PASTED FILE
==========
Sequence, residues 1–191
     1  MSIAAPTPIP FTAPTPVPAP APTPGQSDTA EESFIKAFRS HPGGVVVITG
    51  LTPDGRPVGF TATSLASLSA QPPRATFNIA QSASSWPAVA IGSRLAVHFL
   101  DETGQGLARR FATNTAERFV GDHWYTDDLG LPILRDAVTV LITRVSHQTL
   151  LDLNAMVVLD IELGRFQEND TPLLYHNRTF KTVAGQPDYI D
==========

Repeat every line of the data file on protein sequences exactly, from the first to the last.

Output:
Sequence, residues 1–191
     1  MSIAAPTPIP FTAPTPVPAP APTPGQSDTA EESFIKAFRS HPGGVVVITG
    51  LTPDGRPVGF TATSLASLSA QPPRATFNIA QSASSWPAVA IGSRLAVHFL
   101  DETGQGLARR FATNTAERFV GDHWYTDDLG LPILRDAVTV LITRVSHQTL
   151  LDLNAMVVLD IELGRFQEND TPLLYHNRTF KTVAGQPDYI D